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Friday, 14 September 2018

Book review: Transcription, Kate Atkinson (2018)

This engrossing spy novel is set in England during the war and in the period immediately after it. But it is also a timely novel of ideas because of the way it discusses the political movements that animated that era. In the scenes set in the 1940s the fight is against Nazism and in the period immediately after the war the fight is against Communism. In the midst of the confusing and sometimes paradoxical deployment of national energies that were unleashed by numerous countries in those years stands Juliet Armstrong, who works for MI5 as a typist and then as an operative in her own right.

The real story is how Juliet changed in her relationship with the organisation over the years. There are deep secrets which are only revealed when you think that every possible drama has finally played itself out. This book keeps you turning the pages. I ripped through the book in just two lazy sessions spent on the couch.

While she is infiltrating a ring of Nazi sympathisers in London during the period leading up to WWII Juliet is intrigued by the shadowy, unsentimental figure of Godfrey Toby, who in the light of day is a colleague who has been tasked with extracting information from Englishmen and -women who hope for victory for Hitler. But Godfrey appears to have other allegiances that Juliet doesn’t at first comprehend. And 10 years after she is relinquished from her duties Godfrey mysteriously reappears; by this time Juliet is working for the BBC making children’s programs. There is a Czech scientist MI5 are extracting from Europe to send to America and he needs a place to sleep and Hartley, another spook, liaises with Juliet to set the poor man up on her couch.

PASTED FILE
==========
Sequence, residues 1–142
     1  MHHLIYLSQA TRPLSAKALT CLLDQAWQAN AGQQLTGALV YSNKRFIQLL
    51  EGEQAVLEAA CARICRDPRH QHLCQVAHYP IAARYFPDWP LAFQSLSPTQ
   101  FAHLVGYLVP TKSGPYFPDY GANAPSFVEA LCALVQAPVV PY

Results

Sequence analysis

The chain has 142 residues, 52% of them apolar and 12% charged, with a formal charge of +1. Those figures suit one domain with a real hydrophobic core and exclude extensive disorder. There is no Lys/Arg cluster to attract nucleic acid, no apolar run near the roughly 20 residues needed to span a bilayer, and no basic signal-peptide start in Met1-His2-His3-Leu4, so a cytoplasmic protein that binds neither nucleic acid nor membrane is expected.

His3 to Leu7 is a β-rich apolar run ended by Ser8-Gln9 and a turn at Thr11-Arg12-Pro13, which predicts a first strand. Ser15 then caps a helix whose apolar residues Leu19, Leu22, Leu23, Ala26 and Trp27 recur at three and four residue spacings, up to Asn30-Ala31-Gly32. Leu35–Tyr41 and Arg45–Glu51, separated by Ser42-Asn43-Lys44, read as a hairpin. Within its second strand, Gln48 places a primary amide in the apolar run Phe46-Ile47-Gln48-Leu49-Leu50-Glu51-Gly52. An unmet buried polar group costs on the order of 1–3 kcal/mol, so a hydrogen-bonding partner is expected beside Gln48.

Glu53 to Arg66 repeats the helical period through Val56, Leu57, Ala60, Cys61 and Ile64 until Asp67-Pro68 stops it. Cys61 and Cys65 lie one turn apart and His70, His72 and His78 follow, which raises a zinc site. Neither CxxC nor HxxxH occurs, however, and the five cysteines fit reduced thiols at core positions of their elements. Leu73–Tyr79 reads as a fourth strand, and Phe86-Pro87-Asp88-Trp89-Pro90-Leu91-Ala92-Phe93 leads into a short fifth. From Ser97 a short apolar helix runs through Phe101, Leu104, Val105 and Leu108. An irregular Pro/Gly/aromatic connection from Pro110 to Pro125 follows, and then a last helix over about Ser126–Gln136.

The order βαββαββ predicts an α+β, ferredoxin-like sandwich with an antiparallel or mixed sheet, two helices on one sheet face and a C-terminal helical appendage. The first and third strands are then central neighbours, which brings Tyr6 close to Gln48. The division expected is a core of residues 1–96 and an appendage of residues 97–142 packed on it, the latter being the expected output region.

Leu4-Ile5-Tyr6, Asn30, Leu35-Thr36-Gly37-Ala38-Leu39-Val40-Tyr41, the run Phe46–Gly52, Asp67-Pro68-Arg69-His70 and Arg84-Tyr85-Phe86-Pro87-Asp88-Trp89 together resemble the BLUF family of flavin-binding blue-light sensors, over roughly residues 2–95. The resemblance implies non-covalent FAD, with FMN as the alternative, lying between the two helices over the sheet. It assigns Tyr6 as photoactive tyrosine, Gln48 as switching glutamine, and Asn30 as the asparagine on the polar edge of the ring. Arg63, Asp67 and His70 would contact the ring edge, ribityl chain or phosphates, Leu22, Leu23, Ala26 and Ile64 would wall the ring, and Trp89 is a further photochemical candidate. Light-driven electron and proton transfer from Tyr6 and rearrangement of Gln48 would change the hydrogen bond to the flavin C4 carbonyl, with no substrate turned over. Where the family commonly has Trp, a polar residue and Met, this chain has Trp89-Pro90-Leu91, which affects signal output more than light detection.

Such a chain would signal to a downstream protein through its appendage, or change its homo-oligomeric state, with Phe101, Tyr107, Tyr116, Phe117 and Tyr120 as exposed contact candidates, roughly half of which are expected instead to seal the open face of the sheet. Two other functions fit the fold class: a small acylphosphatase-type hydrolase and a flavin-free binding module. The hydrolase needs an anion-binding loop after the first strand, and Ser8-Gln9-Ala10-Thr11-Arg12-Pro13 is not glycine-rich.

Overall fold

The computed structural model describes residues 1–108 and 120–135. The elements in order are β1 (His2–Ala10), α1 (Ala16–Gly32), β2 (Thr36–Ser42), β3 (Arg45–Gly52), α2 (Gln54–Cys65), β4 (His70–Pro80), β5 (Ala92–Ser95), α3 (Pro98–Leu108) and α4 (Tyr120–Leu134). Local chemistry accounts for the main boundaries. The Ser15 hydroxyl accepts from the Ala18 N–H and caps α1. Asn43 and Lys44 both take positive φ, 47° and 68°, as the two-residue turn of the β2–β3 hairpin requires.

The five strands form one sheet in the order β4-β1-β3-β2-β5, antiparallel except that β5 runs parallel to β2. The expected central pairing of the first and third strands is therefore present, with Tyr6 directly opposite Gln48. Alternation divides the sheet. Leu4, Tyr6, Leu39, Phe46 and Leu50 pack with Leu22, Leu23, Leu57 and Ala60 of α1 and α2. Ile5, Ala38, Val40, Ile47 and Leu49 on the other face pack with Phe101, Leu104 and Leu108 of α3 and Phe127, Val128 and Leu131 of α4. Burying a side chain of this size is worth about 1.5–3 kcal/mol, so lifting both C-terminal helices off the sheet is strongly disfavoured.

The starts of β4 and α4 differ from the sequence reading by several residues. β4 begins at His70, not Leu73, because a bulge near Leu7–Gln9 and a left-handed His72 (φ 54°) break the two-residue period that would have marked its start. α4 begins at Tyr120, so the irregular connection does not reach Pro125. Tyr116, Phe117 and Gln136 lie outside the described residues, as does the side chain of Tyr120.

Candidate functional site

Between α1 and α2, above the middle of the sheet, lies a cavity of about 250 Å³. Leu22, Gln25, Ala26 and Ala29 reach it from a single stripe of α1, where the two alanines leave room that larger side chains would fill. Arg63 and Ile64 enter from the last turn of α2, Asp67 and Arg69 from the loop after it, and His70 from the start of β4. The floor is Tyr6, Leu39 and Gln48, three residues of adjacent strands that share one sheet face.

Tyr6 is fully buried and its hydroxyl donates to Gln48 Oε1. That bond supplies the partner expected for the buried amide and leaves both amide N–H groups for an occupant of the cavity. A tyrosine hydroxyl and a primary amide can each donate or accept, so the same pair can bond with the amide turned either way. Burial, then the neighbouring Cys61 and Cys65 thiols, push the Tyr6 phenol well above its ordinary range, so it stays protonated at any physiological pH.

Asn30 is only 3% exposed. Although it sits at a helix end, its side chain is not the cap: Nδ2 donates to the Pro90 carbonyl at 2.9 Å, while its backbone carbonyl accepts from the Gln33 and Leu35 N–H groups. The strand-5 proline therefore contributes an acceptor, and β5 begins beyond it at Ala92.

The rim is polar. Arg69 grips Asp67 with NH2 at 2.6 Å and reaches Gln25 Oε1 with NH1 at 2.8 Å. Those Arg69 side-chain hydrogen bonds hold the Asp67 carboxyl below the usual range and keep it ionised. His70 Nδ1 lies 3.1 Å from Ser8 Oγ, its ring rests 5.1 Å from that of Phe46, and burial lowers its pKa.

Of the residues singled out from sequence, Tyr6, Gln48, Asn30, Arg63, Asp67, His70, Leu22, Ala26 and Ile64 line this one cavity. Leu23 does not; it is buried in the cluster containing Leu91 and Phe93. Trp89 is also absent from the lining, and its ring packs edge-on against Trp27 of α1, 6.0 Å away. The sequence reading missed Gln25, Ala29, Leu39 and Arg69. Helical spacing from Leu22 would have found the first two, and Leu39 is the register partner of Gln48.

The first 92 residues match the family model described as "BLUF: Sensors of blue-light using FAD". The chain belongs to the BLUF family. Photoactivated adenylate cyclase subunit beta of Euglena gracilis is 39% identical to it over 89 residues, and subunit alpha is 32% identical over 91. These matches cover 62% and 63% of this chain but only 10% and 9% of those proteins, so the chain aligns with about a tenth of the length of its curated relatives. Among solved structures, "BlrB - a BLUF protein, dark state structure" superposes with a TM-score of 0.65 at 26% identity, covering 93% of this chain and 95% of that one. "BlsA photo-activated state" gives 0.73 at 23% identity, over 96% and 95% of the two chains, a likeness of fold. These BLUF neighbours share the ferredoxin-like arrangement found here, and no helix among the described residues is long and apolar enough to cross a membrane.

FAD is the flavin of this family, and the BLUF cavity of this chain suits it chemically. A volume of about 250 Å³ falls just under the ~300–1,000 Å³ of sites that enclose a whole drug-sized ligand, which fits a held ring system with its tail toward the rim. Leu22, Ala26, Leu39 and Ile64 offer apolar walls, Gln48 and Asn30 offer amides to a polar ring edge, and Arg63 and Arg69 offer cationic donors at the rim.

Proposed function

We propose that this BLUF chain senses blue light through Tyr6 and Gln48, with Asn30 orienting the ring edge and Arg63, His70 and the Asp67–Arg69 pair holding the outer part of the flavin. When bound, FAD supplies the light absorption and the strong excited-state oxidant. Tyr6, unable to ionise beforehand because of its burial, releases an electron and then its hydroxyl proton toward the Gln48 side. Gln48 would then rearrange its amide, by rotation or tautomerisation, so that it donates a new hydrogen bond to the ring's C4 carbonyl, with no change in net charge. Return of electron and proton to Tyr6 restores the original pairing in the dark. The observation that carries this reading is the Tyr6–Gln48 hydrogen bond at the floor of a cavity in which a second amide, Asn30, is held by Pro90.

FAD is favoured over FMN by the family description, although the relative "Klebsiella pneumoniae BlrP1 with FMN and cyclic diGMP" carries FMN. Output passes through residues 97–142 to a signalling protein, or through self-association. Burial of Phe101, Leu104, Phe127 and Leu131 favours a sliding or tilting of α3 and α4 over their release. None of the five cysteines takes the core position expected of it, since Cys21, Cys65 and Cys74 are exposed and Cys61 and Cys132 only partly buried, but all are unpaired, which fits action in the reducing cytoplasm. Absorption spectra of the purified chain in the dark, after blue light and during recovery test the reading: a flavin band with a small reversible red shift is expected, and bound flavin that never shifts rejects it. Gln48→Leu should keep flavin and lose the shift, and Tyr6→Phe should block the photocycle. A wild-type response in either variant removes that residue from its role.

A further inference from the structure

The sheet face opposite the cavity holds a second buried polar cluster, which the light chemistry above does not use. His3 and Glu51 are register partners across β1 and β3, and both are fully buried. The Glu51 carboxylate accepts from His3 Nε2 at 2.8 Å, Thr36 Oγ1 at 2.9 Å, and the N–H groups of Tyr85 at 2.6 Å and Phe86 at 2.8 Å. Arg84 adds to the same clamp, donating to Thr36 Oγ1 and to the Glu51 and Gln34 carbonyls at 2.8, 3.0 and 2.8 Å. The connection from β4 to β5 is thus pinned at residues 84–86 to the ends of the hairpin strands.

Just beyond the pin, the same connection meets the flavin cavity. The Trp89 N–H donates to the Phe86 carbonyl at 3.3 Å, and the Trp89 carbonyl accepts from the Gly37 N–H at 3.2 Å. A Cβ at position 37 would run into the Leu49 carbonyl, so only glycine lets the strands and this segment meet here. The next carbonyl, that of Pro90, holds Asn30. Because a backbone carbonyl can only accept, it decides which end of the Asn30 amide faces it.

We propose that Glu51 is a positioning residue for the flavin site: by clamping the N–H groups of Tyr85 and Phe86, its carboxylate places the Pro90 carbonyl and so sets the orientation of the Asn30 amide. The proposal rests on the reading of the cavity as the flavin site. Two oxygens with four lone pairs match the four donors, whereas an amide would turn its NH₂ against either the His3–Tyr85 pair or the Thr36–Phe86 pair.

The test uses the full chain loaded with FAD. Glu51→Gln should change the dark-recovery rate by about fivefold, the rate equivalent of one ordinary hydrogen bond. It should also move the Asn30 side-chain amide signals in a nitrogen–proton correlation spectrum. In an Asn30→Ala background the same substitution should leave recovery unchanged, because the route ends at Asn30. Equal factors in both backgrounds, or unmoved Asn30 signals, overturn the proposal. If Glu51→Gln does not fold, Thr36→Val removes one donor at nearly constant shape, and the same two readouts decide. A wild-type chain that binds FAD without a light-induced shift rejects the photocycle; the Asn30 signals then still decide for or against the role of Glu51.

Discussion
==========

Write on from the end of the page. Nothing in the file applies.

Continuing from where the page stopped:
When someone starts sending her threatening notes Juliet goes off in a quest to scare up the ghosts, which she assumes stem from her own past. But the ghosts she is chasing and the ones that seem to be chasing her are somewhat like the fog that envelops London one day that passes in this supremely confident and charming drama: murky and hiding real horrors. The punchline comes late and when it does several confusing matters are finally resolved.

The challenge for us today, of course, is to prevent a repeat of the disastrous mobilisation of forces that brought the world to the brink of disaster in the middle of last century. Maybe we don’t need Tom Cruise. Maybe, instead, we need more people who can see the similarities between now and then. to remind us of what might have been if things had turned out differently. In a note at the end of the story the author describes how her fiction was inspired by historical records.

I have to admit that at first I was a bit puzzled by the voice of the narrator, which reminded me of that of my aunt, Christine, who is English. The beginning is a bit slow and fusty, reminding the reader of a world before the appearance of Thai or Greek restaurants, a time when talking about sex was taboo and homosexuality was a crime. A time of oppressive class barriers and domestic servants, of gross inequality and the stiff upper lip. King and Country, that sort of thing. All very proper. In Atkinson’s hands, however, the personalities of people who might have lived at the time are fleshed out and you see them for who they actually might have been. This book is an antidote to the oblivion that often surrounds historical figures and it is a delight to read.

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